MAX DOMI (LEFT) AS A MEMBER OF THE MONTREAL CANADIENS, VISITING AT THE BELL CENTRE WITH FATHER TIE (RIGHT) AND FORMER TORONTO MAPLE LEAFS CAPTAIN MATS SUNDIN. ERIC ENGELS PHOTO
Sundin, however, did not juggle a career in the NHL with Type 1 Diabetes and Celiac Disease. Which Max needs to accomplish every day (and night) during the hockey season. “In this situation, being a mother isn’t always easy,” says Leanne Domi. “Especially from a distance. When Max started playing with Arizona (from 2015–18), I put my real estate career on hold and spent a lot of time living with him and [Coyotes teammate] Jakob Chychrun. It was important for me to help Max adjust to being on his own. When he played in Montreal (2018–19 and 2019–20), he lived in a downtown condominium and I visited and stayed with him a handful of times. Now, in Columbus — with the closed Canada–USA border — we communicate on–line. He is renting a house there and was introduced to a relative of his real estate agent; a woman in her 60’s, who offers constant support. Which it comforting to me. Other than when he played in the World Junior tournament, this was the first Christmas in Max’s life that we weren’t together.
“I miss him and worry about him. I can’t help it. That’s what a mother does.”
MAX DOMI’S INSPIRATIONAL STORY (ABOVE) BECAME AN INSTANT CLASSIC WHEN RELEASED IN 2019. IT CAN BE ORDERED ON AMAZON.COM, HERE: http://amzn.to/2Y3Y3Y1. LEANNE, BELOW, SECOND–FROM–LEFT, IS SURROUNDED BY HER BEAUTIFUL CHILDREN: CARLIN (FAR–LEFT), AVERY AND MAX.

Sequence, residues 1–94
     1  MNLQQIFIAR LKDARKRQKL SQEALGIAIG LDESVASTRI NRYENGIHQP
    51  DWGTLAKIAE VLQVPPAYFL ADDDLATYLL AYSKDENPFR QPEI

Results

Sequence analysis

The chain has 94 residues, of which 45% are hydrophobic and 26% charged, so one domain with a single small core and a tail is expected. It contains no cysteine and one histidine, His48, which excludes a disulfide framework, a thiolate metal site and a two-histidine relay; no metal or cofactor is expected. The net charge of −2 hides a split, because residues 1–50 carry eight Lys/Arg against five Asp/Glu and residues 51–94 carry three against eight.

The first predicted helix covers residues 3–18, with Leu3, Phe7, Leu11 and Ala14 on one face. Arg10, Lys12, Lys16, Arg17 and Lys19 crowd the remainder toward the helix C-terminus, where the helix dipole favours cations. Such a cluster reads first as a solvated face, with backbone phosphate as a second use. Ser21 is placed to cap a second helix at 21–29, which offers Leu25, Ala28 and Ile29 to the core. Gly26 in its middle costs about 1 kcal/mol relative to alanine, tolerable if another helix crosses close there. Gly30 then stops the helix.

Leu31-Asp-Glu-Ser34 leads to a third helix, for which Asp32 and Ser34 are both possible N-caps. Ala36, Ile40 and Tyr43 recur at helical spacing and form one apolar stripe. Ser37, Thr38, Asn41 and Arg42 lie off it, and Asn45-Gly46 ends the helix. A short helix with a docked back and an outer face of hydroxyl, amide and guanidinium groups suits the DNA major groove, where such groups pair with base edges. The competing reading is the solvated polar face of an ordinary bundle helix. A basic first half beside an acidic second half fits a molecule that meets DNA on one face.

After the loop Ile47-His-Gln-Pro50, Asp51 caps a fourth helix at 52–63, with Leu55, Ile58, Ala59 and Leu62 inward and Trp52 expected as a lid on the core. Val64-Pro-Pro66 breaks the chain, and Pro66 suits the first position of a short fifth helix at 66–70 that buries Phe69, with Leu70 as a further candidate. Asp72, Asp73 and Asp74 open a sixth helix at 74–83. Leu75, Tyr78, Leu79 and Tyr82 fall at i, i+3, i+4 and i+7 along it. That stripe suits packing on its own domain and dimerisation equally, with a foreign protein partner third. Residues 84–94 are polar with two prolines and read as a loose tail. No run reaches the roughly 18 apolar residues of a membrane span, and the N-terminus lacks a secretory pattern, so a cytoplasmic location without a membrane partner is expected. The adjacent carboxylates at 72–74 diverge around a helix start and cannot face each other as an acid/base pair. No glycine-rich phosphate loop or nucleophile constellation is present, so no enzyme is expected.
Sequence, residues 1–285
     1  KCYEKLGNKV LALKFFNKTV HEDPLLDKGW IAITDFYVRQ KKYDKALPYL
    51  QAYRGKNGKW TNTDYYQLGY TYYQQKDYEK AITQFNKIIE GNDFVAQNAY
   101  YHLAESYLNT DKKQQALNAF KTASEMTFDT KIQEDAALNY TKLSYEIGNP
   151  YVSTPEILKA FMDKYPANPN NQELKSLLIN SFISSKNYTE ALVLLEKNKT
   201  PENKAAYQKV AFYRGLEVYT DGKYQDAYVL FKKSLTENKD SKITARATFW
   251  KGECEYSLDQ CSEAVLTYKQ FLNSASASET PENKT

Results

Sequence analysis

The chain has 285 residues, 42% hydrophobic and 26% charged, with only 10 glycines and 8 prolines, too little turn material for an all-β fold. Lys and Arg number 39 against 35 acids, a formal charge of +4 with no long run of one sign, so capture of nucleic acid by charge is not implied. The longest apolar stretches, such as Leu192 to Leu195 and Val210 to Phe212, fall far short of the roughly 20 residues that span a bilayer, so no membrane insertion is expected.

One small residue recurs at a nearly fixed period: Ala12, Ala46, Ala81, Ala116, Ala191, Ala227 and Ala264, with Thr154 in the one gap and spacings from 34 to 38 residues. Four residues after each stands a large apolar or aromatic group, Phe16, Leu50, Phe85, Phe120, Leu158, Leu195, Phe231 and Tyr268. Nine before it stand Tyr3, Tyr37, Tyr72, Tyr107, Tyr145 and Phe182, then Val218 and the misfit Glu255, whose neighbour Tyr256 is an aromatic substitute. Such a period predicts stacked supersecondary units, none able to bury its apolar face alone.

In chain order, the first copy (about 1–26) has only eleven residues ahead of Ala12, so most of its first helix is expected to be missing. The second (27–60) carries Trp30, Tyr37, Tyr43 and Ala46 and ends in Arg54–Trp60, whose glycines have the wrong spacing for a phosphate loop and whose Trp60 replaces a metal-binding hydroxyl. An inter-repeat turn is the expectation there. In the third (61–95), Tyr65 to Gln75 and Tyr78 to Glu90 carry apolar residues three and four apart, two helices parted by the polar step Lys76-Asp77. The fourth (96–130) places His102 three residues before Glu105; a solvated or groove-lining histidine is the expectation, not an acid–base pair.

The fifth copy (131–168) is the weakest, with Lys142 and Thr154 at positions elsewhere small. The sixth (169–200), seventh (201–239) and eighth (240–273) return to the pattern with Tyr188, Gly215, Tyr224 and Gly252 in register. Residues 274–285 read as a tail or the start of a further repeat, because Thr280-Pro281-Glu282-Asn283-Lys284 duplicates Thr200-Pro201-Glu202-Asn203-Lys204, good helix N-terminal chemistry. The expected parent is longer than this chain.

MORE VINTAGE HOCKEY PHOTOS
AT THE BOSTON GARDEN IN THE FINAL YEAR OF THE SIX–TEAM NHL. IT WAS ALL STAN MIKITA — HERE, BEING WATCHED BY JOHN McKENZIE OF THE BRUINS. THE CHICAGO STAR COPPED A HATTRICK OF TROPHIES IN 1966–67: THE HART, ART ROSS AND LADY BYNG. BUT, THE BLACK HAWKS WERE UPSET BY THE TORONTO MAPLE LEAFS IN THE STANLEY CUP SEMIFINALS.
APR. 4, 1973 AT THE MONTREAL FORUM. BROTHERS KEN DRYDEN (LEFT) AND DAVE DRYDEN SHAKE HANDS AFTER PLAYING GOAL AGAINST ONE ANOTHER IN GAME 1 OF THE STANLEY CUP QUARTERFINALS. YVAN COURNOYER SCORED ON THE POWERPLAY AT 4:27 OF THE THIRD PERIOD TO GIVE THE CANADIENS A 2–1 WIN OVER THE BUFFALO SABRES.
GOOD SEATS WERE AGAIN UNSOLD AT THE OAKLAND COLISEUM–ARENA ON NOV. 13, 1968, EVEN WITH MR. HOCKEY IN TOWN. HERE, GORDIE HOWE LINES UP OPPOSITE GERRY ODROWSKI (11) FOR A FACE–OFF. THE OAKLAND SEALS EDGED THE DETROIT RED WINGS, 2–1, WHEN GARY JARRETT BEAT ROGER CROZIER WITH 48 SECONDS LEFT IN THE GAME.
DICK DUFF (LEFT) AND FRANK MAHOVLICH FLASH THE “VICTORY” SIGN IN THE VISITORS’ DRESSING ROOM AT CHICAGO STADIUM — APR. 22, 1962 — AFTER THE MAPLE LEAFS DEFEATED THE BLACK HAWKS IN GAME 6 TO CAPTURE THEIR FIRST OF THREE CONSECUTIVE STANLEY CUPS UNDER PUNCH IMLACH. DUFF SCORED THE WINNER AT 14:14 OF THE THIRD PERIOD.
HERE’S A SURPRISE: WE KNOW THAT BOBBY ORR WORE NO. 27 FOR EXHIBITION GAMES AS A ROOKIE WITH THE BOSTON BRUINS. ORR SWITCHED TO HIS FAMILIAR NO. 4 ONCE THE 1966–67 SEASON BEGAN. THIS IS THE ONLY PHOTO I’VE EVER SEEN OF HIM WEARING NO. 19. IF ANYONE KNOWS THE STORY OF THIS IMAGE, PLEASE ADVISE ME.
APR. 13, 1997 AT THE HARTFORD CIVIC CENTER. THE WHALERS HOST TAMPA BAY IN THEIR FINAL GAME BEFORE MOVING TO NORTH CAROLINA FOR THE 1997–98 SEASON. GLEN WESLEY AND KEVIN DINEEN SCORED TO PROVIDE THE TEAM A HAPPY SEND–OFF: 2–1, OVER THE LIGHTNING. THE WHALERS HAD BEEN PART OF THE NHL SINCE 1979–80.
1998: THREE OF THE GREATEST ATHLETES IN THE MODERN ERA OF PROFESSIONAL SPORT. WAYNE GRETZKY FLANKED BY DENVER BRONCOS QUARTERBACK JOHN ELWAY (LEFT) AND CHICAGO BULLS SUPERSTAR MICHAEL JORDAN.
THE 1976–77 LOS ANGELES KINGS CONGRATULATE MIKE MURPHY (PARTIALLLY HIDDEN) FOR SCORING A GOAL AT THE L.A. FORUM. LEFT–TO–RIGHT: SHELDON KANNEGIESSER (6), BOB MURDOCH (5), TOMMY WILLIAMS (17), GENE CARR (12).
JAN. 8, 1975 AT MAPLE LEAF GARDENS. VANCOUVER FORWARD DON LEVER CAMPS IN FRONT OF TORONTO GOALIE DUNC WILSON WHILE BEING WATCHED BY DEFENSEMAN ROD SEILING. THE LEAFS BEAT THE CANUCKS, 6–4.
VETERAN BRUCE GAMBLE EXAMINES HIS MASK AFTER BEING TRADED BY TORONTO TO PHILADELPHIA (FOR BERNIE PARENT) IN FEBRUARY 1971. GAMBLE WAS THE LEAFS’ NO. 1 GOALIE IN 1968–69 AND 1969–70.